We’ve added a more descriptive title to this post… the old title: Where were you during the East Coast Earthquake?
Sorry, is that old news already? Maybe even asking about the hurricane would be a little “last weekend”…
In any case, we were in Portland visiting Z’s family (sister and brother-in-law, their two daughters, his parents, and his grandparents) when the East Coast shook.
With the exception of the thunderstorm that delayed our flight to Portland by 5 1/2 hours, our trip was disaster free. We spent our fun, but too-short-time there playing “find the dog” after his six-year-old niece hid her stuffed “Gabriela”, tensely stressing over some extreme Jenga games, leisurely taking walks with the grandparents, rocking out at one of Z’s dad’s concert, betting (and paying with push-ups) at poker with Z’s sister and brother in law, going with the whole family to play mini-golf, catching up with one of Z’s oldest and best friends (Better than Bouillon friend) over drinks at a Prohbition-style bar, and of course, eating delicious meals.
Our favorite dishes from the trip were made by Z’s mom. There were no leftovers, but we brought home recipes. We have already tried making them ourselves since our return and wanted to share them with you all. We promise you will enjoy them.
(Made by Val and adapted from Dr. Ben Kim)
(Serves an army as a side dish)
18 mini-cucumbers (the kind you would make into dill pickles)
1 tbsp and 1 tsp sea salt
1 small yellow onion
2 tbsp crushed or fine red pepper (supposedly best if you use ko choo kah roo, but we didn’t and it was still delicious)
1 tsp vinegar
1 tbsp honey
1 1/2 heaping tsp garlic
Start by chopping the cucumbers into rounds and then halves. Then chop the onions. Put the cucumbers and onions in a bowl, add the sea salt, and mix. Let this sit while you prep the other ingredients.
Put the vinegar and honey in a small bowl. Slice the white and light green parts of the scallions into thin rounds.
Press the garlic into the bowl, add the scallions and the fine red pepper. This is going to make a small amount of paste, but it is potent, and definitely enough.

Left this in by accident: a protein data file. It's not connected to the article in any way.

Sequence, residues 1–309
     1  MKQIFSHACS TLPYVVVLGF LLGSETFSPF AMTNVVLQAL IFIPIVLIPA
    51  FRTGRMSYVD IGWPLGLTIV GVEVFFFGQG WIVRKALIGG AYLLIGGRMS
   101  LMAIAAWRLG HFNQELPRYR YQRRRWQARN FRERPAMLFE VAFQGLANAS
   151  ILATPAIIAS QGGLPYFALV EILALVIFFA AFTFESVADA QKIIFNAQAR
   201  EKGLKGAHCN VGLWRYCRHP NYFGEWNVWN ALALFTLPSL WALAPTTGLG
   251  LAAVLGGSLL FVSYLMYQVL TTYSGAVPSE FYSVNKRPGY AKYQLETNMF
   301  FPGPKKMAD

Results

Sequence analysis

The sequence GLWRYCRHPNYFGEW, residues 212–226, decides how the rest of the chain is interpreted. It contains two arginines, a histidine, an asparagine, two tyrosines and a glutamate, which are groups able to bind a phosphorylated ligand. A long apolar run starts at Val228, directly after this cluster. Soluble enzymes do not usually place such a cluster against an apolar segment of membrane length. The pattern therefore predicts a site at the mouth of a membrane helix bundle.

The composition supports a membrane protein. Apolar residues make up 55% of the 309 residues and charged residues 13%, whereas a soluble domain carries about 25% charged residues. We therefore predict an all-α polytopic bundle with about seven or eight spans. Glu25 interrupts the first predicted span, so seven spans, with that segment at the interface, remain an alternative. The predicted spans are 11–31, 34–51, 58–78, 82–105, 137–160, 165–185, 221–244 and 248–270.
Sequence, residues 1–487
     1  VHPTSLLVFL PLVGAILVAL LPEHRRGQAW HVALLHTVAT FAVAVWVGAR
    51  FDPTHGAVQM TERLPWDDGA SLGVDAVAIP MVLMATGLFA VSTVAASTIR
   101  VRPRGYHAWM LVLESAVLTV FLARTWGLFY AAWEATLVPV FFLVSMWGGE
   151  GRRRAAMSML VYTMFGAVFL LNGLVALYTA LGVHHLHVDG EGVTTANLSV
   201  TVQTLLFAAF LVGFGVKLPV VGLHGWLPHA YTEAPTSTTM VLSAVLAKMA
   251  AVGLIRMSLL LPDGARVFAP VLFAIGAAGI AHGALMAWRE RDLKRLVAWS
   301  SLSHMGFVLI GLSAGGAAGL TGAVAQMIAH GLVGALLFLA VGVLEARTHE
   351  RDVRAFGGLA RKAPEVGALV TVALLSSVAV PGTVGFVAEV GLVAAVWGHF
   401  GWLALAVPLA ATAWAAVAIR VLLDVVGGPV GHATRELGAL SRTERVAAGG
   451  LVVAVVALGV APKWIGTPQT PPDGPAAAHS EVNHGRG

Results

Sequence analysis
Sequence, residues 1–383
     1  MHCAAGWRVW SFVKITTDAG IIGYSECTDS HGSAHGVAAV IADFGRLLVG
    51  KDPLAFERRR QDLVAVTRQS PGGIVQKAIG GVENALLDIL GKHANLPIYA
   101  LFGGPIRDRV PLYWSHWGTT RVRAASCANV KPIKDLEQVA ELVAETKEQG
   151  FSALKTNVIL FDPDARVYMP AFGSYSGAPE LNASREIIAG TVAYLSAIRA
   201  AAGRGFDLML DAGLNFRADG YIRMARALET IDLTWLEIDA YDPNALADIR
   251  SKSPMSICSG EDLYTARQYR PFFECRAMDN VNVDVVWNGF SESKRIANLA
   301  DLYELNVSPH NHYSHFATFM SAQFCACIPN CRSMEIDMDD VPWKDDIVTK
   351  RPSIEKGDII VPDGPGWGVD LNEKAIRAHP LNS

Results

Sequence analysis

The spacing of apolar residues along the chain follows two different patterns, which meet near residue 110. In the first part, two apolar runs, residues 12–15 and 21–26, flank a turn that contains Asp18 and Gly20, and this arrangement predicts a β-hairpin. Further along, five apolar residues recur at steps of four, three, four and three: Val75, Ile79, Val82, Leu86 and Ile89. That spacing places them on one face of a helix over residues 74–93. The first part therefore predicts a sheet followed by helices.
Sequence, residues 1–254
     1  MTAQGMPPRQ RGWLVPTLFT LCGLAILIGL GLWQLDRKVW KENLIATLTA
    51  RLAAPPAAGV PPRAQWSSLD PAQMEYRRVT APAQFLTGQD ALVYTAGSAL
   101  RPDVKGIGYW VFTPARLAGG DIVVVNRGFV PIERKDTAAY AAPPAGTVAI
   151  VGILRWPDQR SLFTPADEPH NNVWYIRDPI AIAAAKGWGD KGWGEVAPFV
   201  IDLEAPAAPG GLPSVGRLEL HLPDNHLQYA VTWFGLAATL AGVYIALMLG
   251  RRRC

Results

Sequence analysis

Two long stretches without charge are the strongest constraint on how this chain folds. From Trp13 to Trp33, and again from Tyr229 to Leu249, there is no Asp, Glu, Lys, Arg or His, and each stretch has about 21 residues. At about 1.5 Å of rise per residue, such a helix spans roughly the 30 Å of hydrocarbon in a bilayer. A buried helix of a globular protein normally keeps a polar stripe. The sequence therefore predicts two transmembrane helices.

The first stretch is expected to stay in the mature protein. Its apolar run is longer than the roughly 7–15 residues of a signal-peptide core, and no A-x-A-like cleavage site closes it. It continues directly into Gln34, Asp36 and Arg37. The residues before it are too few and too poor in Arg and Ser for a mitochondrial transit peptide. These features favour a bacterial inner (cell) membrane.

Thoroughly incorporate into the cucumber mix and let the whole thing sit for an hour or two.
Now turn your attention to Val’s Somen Salad.
Val’s Somen Salad
(Serves 4-6 as an entree)
For the noodles
1 lb Somen
3 eggs (with 1/2 tsp tamari and an 1/8 tsp sugar)
For the dressing
2 tbsp toasted sesame seeds
2 tbsp 1 tsp sugar
1 tsp salt
1/3 cup olive oil
3 tbsp white vinegar
2 tbsp tamari
Start by boiling the noodles. The directions on the package usually say 2 minutes, but be very careful when you watch them. They overcook in an instant. We timed it and boiled them for about 1 min and 50 seconds and thought they were perfect. Drain and cool.
Next do the eggs. Crack three eggs into a bowl, add the tamari and the sugar. (Side note: both recipes call for shoyu, but Z prefers tamari, so we swapped.) Once you have added all the ingredients to the eggs whisk into a fury. Heat some sesame oil in a pan over medium-high heat and then pour the eggs into the pan. You want them to cook omelette style so that they make a thin, flat sheet. It’s ok to let them brown a little.
When the eggs are cooked, remove from the pan and let them cool. Slice them into thin strips, 1/4 in wide and 1 1/2 in long.
Now cut the white and light green parts of the scallions into thin rounds. Mix the scallions, noodles and eggs together once all the hot ingredients are cool.
Next prepare the dressing. Toast the sesame seeds first so they have time to cool. We toasted them using sesame oil. Is that cruel? Like boiling a chicken in chicken broth? Hmm.
Toast the sesame seeds so that they get good and brown. Remove from the heat before they burn!
Add all of the other ingredients together (sugar, salt, olive oil, vinegar, and tamari). Add the sesame seeds once they are cool. Pour over the Somen, and mix thoroughly.
Put everything together for a tasty meal. We also made some tofu, seen below, that we will post about later.
If you make this amount for two (as we did), then you’ll likely have leftovers — which we hope will be a good thing. But if you don’t like it, invite us over and we’ll gladly finish the job.